Nashua Telegraph - December 23, 2004

'Reindeer' shows a darker side of North Pole life

By MEGHAN FULLER, Telegraph Correspondent

Published: Thursday, Dec. 23, 2004

If you Go
Ghostlight Theater Company's "The Eight Reindeer Monologues"
When: 8 p.m. Sunday and Monday, Dec. 26 and 27.
where: Franklin Pierce Room, Holiday Inn, 9 Northeastern Blvd., Nashua.
Tickets: $10.
information: Visit

If you're in the mood for an unexpected, provocative comedy this holiday season, one with plenty of jaw-dropping, I-can't-believe-they-just-said-that moments, look no further than the Ghostlight Theater Company's upcoming show, "The Eight: Reindeer Monologues", to be performed Sunday and Monday, Dec. 26 and 27, at the Holiday Inn in Nashua.

Billed as an adult dark comedy, "The Eight" details a sexual scandal that has rocked the North Pole - and Santa Claus is the alleged offender. Each of Santa's eight reindeer takes to the stage, one by one, to recount what he or she did or did not see.

"I love this play because I truly believe that if I sat down a room full of people and made them watch a lecture on the atrocities of rape and the media's bloodlust for sex scandals, I would lose them in 10 minutes," admits the play's director, John Sefel. "But because this is so absurd, because we are able to play with the idea of Santa and the reindeer and this allegory, people can laugh and open themselves up to the message that is in this."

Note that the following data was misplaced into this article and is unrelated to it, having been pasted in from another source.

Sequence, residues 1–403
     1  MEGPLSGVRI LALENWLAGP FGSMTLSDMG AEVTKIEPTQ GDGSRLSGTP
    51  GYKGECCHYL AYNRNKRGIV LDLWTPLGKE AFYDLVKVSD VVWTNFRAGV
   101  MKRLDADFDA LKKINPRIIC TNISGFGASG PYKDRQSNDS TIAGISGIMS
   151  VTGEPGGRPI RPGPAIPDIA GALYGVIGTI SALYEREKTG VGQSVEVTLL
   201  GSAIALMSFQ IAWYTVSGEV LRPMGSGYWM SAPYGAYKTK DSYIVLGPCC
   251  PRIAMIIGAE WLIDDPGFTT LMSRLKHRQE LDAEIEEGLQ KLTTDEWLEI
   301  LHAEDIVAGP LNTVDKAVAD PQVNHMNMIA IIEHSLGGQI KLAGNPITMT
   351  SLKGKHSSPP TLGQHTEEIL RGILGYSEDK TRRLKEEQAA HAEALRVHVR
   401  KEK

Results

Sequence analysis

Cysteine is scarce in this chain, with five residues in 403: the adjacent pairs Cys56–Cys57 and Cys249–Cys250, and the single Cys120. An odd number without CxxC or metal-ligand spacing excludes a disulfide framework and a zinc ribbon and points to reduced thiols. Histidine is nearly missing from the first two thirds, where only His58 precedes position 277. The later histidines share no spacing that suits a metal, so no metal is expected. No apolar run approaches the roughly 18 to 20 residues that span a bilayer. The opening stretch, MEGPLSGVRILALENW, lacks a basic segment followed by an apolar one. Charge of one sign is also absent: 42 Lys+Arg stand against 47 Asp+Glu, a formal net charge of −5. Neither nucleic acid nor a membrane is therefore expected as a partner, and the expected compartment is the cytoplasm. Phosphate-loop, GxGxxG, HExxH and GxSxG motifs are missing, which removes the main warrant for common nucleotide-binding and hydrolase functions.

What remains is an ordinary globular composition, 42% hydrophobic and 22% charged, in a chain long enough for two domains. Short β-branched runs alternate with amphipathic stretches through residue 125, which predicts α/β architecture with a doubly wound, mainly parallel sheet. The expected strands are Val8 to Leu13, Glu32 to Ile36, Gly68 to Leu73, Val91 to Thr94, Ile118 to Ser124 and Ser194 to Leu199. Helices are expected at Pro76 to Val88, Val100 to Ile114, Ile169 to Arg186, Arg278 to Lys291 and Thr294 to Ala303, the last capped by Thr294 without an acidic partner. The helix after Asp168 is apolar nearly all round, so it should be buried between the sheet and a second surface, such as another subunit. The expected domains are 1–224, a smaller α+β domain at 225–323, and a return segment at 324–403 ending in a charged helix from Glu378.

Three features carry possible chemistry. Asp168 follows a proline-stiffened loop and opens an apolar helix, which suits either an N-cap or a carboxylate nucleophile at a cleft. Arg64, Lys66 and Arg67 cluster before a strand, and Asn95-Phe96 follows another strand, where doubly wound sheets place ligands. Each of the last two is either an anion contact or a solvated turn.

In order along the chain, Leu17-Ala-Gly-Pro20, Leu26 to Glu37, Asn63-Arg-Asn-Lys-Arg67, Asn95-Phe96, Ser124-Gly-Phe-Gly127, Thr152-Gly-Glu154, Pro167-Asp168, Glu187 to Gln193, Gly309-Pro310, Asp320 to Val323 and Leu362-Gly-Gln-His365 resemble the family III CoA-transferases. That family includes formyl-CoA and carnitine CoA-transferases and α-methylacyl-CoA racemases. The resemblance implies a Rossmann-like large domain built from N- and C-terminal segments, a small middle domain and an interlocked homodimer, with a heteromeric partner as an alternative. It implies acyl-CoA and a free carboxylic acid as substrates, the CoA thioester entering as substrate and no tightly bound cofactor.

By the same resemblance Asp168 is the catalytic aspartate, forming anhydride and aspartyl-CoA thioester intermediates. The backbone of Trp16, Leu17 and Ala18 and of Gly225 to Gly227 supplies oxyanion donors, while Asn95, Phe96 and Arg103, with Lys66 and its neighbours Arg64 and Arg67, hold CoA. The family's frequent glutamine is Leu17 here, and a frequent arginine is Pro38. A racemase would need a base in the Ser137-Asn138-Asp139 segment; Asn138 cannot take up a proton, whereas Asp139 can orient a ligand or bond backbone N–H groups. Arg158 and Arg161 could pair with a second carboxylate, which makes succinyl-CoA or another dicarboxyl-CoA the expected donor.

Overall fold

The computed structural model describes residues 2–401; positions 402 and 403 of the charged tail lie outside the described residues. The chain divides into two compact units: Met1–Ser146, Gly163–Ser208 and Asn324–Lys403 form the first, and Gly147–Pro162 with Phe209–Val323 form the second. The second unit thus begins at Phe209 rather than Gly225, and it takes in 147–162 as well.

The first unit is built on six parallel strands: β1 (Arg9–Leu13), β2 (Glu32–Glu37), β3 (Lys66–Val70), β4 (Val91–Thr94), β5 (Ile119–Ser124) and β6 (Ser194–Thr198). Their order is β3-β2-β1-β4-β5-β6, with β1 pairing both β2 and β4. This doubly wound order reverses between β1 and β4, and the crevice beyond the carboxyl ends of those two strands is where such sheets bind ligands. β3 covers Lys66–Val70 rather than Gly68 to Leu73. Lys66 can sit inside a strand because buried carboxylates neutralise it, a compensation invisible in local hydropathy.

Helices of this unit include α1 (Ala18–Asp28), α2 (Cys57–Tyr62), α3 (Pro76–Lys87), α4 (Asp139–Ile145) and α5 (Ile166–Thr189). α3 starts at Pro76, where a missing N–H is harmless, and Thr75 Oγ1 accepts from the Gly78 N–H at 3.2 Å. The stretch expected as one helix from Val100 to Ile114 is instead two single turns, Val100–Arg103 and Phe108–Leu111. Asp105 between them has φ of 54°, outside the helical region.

Written in the 1990s by playwright John Goode, the play parodies the sexual scandal that cast a cloud over the Clinton administration.

"At that time, the institution of the presidency was on the line, just as here there is the institution of Santa Claus," explains Sefel. "There is the institution of Christmas. And many of the reindeer argue, 'We don't care what happened. The institution of Christmas must be upheld over all else.' "

He admits that some people might think of the play as "one big offensive evening of theater," but he insists it is not. "It is irreverent because it needs to be," he says. "It is at times vulgar because people are at times vulgar."

According to Sefel, the show ricochets between what is gut-bustingly funny and what is just gut wrenching. It is a comedy with a message he hopes will leave the audience thinking, questioning and possibly even arguing with each other.

"No one is a real good person in this play," he says. "Vixen, the character at the center of the scandal, challenges you to box her in as a poor, little victim, because she's not. She's strong willed. She dresses provocatively and likes it. These are characters you might meet on the streets, but because we couldn't take eight monologues of that, they are also reindeer."

"How we're performing the play is just great," says actress Erica Newhall, who portrays Vixen. "John is a wonderful director. He actually had us rehearsing separately. We all worked one-on-one with him, so none of us saw the others practicing their monologues. He didn't want us influencing the other reindeer."